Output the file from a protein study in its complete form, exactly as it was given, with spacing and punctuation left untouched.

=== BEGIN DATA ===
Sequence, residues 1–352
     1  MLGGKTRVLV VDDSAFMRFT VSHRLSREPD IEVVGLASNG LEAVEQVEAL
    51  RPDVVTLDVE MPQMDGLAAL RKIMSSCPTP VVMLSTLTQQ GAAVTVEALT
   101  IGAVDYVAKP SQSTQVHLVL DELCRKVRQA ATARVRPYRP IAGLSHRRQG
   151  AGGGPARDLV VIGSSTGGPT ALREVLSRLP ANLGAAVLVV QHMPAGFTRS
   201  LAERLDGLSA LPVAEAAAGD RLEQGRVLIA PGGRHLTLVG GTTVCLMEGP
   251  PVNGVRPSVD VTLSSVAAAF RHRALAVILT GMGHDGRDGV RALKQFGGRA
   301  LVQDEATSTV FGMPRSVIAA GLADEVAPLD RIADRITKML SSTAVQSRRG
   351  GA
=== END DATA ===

Sequence, residues 1–352
     1  MLGGKTRVLV VDDSAFMRFT VSHRLSREPD IEVVGLASNG LEAVEQVEAL
    51  RPDVVTLDVE MPQMDGLAAL RKIMSSCPTP VVMLSTLTQQ GAAVTVEALT
   101  IGAVDYVAKP SQSTQVHLVL DELCRKVRQA ATARVRPYRP IAGLSHRRQG
   151  AGGGPARDLV VIGSSTGGPT ALREVLSRLP ANLGAAVLVV QHMPAGFTRS
   201  LAERLDGLSA LPVAEAAAGD RLEQGRVLIA PGGRHLTLVG GTTVCLMEGP
   251  PVNGVRPSVD VTLSSVAAAF RHRALAVILT GMGHDGRDGV RALKQFGGRA
   301  LVQDEATSTV FGMPRSVIAA GLADEVAPLD RIADRITKML SSTAVQSRRG
   351  GA